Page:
The Ethics Law prohibits a public official or employee from soliciting, accepting, or using a public position to secure things of value that could have a substantial and improper influence on the employee. Things of value can include many things, like money, gifts, real estate, employment, and compensation.
The Ethics Law recognizes that when someone is giving a public official something of significant value, both the source and the value must be considered to determine whether it could have a substantial and improper influence on a public official’s job duties.
The Ethics Law prohibits a public official from soliciting or accepting ‘anything of value,’ if the thing of value could have a substantial and improper influence on him in the performance of public duties.
‘Anything of value’ is defined in state law to essentially include anything with any monetary value. So, before a public servant accepts a gift or thing of value, both the source and the value must be considered.
The Ethics Law prohibits public officials and employees from accepting substantial things of value from improper sources. The word ‘substantial’ is not defined by a specific dollar amount, so the Ethics Commission has provided guidance to help public servants understand and comply with the law.
In Advisory Opinion 2001-03, the Commission offered examples of substantial things of value which cannot be accepted, but also gave examples of items that are considered nominal under the law.
Items that are considered nominal – and therefore not prohibited - could include a cup of coffee, a box of popcorn, an inexpensive picture frame, or a plate of cookies.
Accepting gifts of this type would not be prohibited under the law. Be aware, though, that the Commission has cautioned that nominal items or expenses could have a substantial cumulative value if extended over time.
So, while a public servant would not be prohibited from accepting the occasional modest gift from a vendor or regulated party, routine acceptance of such gifts from the same source will add up over time.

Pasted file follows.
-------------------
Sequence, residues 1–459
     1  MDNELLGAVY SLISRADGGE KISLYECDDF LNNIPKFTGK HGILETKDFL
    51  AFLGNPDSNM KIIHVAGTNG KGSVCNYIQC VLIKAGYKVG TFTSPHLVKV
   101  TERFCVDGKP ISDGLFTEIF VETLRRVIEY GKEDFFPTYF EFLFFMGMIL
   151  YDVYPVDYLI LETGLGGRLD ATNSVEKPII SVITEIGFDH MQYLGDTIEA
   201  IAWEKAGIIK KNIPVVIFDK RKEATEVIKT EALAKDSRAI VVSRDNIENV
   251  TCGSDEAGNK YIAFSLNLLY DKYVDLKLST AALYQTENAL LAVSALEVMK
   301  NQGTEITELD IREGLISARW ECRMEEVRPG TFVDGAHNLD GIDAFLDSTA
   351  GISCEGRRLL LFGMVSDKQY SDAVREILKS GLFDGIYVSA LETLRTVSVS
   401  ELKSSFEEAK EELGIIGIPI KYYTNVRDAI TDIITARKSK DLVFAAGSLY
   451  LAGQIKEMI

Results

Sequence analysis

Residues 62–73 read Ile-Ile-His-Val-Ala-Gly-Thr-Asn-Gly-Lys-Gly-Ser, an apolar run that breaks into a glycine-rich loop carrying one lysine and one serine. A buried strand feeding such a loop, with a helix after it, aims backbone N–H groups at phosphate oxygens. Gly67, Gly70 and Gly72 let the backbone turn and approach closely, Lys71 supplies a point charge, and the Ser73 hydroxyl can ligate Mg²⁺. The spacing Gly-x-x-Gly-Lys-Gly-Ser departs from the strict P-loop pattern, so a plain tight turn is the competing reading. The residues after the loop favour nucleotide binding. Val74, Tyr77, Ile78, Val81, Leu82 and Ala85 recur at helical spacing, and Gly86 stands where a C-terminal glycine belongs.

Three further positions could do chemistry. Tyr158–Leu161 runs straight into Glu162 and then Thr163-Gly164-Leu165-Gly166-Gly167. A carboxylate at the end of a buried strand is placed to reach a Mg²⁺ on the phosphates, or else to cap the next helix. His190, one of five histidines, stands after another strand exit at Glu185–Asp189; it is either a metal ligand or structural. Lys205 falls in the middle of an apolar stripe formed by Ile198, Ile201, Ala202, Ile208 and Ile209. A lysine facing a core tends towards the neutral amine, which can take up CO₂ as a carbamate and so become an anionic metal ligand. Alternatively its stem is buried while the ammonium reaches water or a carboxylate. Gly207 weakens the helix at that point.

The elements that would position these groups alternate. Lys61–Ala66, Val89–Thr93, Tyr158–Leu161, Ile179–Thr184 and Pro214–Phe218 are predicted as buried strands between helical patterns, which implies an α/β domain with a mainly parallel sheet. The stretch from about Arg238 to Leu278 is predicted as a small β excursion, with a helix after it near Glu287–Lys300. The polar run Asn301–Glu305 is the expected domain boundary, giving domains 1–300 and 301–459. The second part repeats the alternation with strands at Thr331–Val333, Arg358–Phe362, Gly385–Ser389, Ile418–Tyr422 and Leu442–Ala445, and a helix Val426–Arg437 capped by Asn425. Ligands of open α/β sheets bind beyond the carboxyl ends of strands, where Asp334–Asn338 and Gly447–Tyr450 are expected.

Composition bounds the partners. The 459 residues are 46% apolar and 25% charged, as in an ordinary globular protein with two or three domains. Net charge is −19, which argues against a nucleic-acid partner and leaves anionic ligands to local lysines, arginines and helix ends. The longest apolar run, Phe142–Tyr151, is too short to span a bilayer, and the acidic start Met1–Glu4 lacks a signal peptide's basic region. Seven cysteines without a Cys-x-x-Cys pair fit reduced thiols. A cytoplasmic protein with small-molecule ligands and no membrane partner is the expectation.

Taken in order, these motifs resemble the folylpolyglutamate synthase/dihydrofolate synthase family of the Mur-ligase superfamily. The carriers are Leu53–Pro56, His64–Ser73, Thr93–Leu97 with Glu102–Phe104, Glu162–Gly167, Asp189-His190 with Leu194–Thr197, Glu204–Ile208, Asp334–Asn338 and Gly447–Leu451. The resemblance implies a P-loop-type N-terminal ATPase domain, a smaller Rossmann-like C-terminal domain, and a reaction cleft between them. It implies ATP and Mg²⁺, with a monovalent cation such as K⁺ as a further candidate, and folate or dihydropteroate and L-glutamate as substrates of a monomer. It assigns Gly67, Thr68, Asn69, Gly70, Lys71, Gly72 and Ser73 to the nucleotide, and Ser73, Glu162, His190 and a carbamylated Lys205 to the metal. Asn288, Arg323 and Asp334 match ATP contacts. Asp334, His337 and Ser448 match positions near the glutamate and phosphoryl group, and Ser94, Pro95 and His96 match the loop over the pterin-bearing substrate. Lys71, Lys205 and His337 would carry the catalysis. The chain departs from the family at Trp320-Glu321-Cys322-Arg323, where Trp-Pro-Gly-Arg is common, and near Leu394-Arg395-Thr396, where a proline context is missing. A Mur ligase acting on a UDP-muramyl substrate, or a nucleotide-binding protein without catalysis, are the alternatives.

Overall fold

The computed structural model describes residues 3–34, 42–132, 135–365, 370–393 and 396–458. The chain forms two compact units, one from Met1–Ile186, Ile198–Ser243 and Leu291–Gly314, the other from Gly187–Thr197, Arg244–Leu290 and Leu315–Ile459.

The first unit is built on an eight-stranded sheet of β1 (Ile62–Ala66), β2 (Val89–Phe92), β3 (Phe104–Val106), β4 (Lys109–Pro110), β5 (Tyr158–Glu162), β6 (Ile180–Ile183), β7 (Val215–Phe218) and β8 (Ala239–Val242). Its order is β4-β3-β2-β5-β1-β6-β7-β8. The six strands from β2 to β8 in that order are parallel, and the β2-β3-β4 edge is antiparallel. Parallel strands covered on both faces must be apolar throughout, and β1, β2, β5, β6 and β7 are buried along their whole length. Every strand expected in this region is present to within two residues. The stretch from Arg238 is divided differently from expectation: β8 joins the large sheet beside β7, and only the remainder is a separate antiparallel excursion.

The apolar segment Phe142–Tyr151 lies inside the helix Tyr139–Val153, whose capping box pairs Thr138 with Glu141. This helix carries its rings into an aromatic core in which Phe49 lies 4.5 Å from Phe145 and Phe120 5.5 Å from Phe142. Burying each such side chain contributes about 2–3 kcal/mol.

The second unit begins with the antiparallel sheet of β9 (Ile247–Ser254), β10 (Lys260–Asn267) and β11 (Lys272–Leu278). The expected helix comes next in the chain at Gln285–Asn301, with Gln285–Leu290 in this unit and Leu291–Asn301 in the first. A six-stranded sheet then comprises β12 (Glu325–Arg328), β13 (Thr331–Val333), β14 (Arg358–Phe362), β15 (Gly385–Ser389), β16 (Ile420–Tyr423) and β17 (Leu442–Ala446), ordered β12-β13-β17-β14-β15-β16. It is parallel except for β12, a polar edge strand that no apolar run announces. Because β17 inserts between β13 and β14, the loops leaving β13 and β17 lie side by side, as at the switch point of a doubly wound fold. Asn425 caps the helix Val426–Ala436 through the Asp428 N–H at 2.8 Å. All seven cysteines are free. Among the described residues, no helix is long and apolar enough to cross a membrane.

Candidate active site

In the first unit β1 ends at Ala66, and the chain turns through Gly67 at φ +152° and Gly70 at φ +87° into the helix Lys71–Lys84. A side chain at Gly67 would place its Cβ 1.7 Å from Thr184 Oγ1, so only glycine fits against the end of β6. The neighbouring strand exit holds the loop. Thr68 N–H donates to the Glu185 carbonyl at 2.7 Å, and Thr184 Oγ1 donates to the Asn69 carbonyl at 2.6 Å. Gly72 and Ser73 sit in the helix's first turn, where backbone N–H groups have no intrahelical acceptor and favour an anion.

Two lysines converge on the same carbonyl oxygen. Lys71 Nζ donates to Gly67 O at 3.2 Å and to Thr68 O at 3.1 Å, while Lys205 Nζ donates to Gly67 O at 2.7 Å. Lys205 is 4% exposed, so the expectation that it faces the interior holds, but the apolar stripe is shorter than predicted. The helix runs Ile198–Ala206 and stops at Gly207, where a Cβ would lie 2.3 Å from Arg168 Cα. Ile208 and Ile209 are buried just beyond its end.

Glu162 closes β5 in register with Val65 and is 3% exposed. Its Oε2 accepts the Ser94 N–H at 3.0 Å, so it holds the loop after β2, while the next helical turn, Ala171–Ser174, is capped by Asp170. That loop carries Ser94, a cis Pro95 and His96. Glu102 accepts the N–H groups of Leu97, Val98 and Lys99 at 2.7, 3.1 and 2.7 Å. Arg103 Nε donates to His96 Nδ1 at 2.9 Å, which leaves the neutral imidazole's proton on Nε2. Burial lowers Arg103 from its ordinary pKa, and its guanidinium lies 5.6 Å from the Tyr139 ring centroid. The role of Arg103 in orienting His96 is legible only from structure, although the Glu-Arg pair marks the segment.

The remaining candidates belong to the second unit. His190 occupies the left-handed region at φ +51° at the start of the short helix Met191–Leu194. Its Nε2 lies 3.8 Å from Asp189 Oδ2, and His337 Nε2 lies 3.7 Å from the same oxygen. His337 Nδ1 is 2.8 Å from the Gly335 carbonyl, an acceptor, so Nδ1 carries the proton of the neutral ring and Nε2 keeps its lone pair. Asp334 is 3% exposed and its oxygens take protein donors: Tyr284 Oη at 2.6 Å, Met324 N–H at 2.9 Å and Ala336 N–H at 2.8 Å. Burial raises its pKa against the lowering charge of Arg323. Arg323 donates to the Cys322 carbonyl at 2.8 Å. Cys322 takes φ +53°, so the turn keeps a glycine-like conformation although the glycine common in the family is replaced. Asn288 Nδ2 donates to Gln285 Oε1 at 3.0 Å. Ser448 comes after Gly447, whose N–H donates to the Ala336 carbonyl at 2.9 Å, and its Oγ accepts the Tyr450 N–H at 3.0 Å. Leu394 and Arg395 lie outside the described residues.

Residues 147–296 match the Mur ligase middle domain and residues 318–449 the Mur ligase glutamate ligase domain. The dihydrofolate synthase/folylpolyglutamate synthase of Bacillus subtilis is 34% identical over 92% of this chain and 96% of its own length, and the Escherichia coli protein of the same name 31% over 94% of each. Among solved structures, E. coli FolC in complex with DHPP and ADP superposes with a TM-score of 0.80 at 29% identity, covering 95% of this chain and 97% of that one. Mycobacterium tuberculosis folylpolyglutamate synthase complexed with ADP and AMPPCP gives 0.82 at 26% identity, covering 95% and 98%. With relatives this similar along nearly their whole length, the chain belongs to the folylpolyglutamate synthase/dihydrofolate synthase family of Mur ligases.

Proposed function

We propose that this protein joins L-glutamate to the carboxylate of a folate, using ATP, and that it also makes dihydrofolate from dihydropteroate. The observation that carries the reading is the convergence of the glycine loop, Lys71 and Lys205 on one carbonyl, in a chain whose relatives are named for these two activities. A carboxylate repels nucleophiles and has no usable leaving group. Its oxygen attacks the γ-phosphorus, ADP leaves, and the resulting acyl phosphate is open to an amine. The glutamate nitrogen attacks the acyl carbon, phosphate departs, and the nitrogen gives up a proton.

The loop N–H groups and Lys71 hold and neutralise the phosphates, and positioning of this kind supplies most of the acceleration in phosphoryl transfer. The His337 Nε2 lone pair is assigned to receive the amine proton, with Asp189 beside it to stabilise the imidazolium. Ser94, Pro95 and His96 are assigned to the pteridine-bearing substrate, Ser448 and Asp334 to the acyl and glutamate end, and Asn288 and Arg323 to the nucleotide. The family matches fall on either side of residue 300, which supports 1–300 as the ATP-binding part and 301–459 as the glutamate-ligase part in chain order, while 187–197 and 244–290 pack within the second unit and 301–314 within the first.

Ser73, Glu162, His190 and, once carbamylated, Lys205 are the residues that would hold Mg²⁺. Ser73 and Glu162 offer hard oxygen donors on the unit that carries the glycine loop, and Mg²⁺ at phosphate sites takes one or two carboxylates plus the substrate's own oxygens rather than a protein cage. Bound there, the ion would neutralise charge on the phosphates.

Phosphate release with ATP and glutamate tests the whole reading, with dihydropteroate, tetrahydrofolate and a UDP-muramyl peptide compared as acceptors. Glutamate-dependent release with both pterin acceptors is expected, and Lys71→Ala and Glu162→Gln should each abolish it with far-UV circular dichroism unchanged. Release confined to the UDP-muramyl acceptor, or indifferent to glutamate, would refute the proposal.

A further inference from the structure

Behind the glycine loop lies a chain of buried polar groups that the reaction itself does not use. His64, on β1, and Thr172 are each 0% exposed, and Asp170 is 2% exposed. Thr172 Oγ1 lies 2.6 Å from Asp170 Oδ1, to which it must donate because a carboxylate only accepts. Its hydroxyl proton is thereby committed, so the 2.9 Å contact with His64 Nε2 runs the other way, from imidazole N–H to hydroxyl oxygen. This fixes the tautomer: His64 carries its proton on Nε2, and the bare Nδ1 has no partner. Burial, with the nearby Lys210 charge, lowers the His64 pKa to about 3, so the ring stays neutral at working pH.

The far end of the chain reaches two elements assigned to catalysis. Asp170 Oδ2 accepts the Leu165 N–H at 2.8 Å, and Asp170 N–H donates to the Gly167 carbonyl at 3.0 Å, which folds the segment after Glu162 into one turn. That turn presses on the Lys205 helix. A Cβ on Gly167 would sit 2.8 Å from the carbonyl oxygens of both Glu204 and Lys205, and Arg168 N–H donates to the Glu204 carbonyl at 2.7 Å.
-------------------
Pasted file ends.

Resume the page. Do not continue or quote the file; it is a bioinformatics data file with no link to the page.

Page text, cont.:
Examples of substantial gifts include outside consulting jobs or private employment, payment of debts, loans, travel to exotic locations, lavish meals, entertainment activities, such as golf outings or season tickets for a professional sports team, or significant discounts on major consumer items.
Public officials and employees must be aware that they may not accept these kinds of substantial gifts from improper sources.
In addition to determining the value of a gift, a public servant must also consider the source – or the giver – of the thing of value. The Ethics Law prohibits public officials or employees from accepting substantial things of value from improper sources.
The Commission defined an “improper source” as: any person, company, organization, or other entity that has any of these relationships with the public agency an official or employee serves:
Any person or company in one of these categories is considered an ‘improper’ source and therefore may not gift a public servant with substantial gifts.
A public official or employee also cannot accept compensation for the performance of his or her public job duties from any source other than his or her public employer.
Before we conclude this course, let’s review one additional related statute. It’s often referred to as “Supplemental Compensation” and it ensures that public employees are not subject to divided loyalties when performing their public jobs.
Essentially, the law prohibits a public official or employee from accepting compensation from anyone other than the public employer they serve. It makes no difference whether it’s given to compensate the official for some specific action or decision, or just for the general performance of job duties.
To summarize this provision of law, public servants should assume that nobody may augment their public salaries, either with money, gifts, the payment of travel expenses or any other form of supplemental compensation.